Edna B. Sitler

2 entries
  • "An angel in heaven."
    - Pamela Johnson
  • "I hope that the children or grandchildren of those who knew..."
    - Linn Sitler
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In Memory
Edna Beck Sitler
July 27, 1922-December 9, 2014
On the First Year
Anniversary of Her Death
MEMPHIS, TN - Born in the once-thriving, tiny community of Stiefeltown in Aiken County, Edna Beck Sitler was the daughter of W.C. and Emma Mae Martin Beck, who owned one of the first grocery stores in Aiken County. The family attended The First Baptist Church of Warrenville. On her father's side, Mrs. Sitler was descended from the earliest settlers of South Carolina: the Becks of Barnwell and Aiken Counties. She was a direct descendant of Charles Beck who served in the Revolutionary War. Her grandfather, William C. Beck, fought for The Confederacy in the Civil War, and is memorialized every year in the re-enactment of The Battle of Aiken.
One of six children, Mrs. Sitler is survived by her sister Helen Forbragd (wife of Col. Maurice Forbragd) of Ft. Walton Beach, Florida; and her sister, Gloria Harman (wife of the late Dr. Charles Harman) of Atlanta, Georgia. She is predeceased by her brother Allen Beck of North Augusta, South Carolina; her sister Alcyone Medlock (wife of the late William Medlock) of Warrenville; and her sister, Regena O'Neill (wife of the late Frank G. O'Neill) of Hyde Park, Massachusetts. Family members still living in the area include her nieces, Joan Medlock Posey (wife of Ricky Posey) of Warrenville and Connie Medlock Jeffcoat (wife of Bill Jeffcoat) of Wagener.
Mrs. Sitler graduated from Leavelle McCampbell High School (aka "Graniteville High School") in 1939. Soon thereafter, she married a dashing young "Yankee" from Pennsylvania, stationed at Daniel Field in Augusta, Georgia - Fred Harry Sitler of Nescopeck, Pennsylvania. After only 6 months of marriage, the then-non-commissioned officer left his bride for World War II stations in the European Theater and North Africa. He was gone for three years. Mrs. Sitler, always close to her family, returned to Stiefeltown to live at her parents' home and await his return. During this time, her husband became one of less than 26,000 soldiers granted a "battlefield commission" in World War II - promoting him directly to the rank of 2nd Lieutenant for "extraordinary" performance of duty. By the end of his 30 years in the Air Force, he had achieved the rank of full colonel and retired as one of only a few military commanders in the Mid-South. "The Colonel" was, of course, Mrs. Sitler's greatest love and always the source of her greatest pride.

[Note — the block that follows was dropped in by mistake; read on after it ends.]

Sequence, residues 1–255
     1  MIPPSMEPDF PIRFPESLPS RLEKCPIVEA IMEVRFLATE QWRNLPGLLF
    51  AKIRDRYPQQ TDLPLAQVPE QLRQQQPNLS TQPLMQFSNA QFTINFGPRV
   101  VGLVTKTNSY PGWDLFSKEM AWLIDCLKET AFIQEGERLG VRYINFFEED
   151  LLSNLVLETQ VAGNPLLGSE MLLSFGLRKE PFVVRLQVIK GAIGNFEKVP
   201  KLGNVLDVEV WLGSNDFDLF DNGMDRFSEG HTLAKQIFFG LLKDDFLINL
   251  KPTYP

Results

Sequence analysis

During their 60 years of marriage, Edna and Fred Sitler focused on not only his career, but also on being good parents to their three children, Brenda Diane, Fred Hally, and Linda Ellen ("Linn"). From 1957-1958 Mrs. Sitler and her children lived in Aiken, while then-Major Sitler was stationed in Korea. All three children attended Eustis Park Elementary School for that year. During that year, Mrs. Sitler enjoyed not only living close to her parents, her sister Alcyone, and her brother Allen, but also seeing her high school friends Margaret Johnson and Iris Carter. She continued these friendships and returned often to Aiken all of her life.
After living many places in the United States and abroad, Mrs. Sitler moved with her family to Memphis in 1964 from Wiesbaden, Germany. In Memphis, Mrs. Sitler greatly enjoyed the social scene in the city... garden clubs, membership in the prestigious "Memphi" Cotton Carnival society, and - in a nod to her South Carolina heritage, the D.A.R. Always a noted beauty, Mrs. Sitler modeled in many of the city's fashion shows well into her "golden years."
Although she ultimately came to regard Memphis as her home, Mrs. Sitler never forgot her South Carolina roots. In the mid-1990s, she was asked to write and record her memories of the Christmases she had spent long ago in South Carolina. Becoming part of an audio anthology of Southern Christmas stories, Mrs. Sitler's recollection was called, "A South Carolina Christmas." At her own memorial service in Memphis on December 14, 2014, her beautiful South Carolina-accented voice was heard, as the minister played this recording. The surprised mourners listened in complete silence as the voice of the late Edna Beck Sitler was heard throughout the small sanctuary: "My memories kept drawing me back - especially what seem to be my best, my happiest memories-those of Christmases spent in Aiken County in our little community long ago...." The flag of South Carolina was spread over her casket as the life on earth of this kind, exceedingly gentle woman - a true Christian and forever a South Carolinian - came to an end. She will be forever loved, remembered, and mourned by those who knew her.
Published in The Aiken Standard and North Augusta Star on Dec. 13, 2015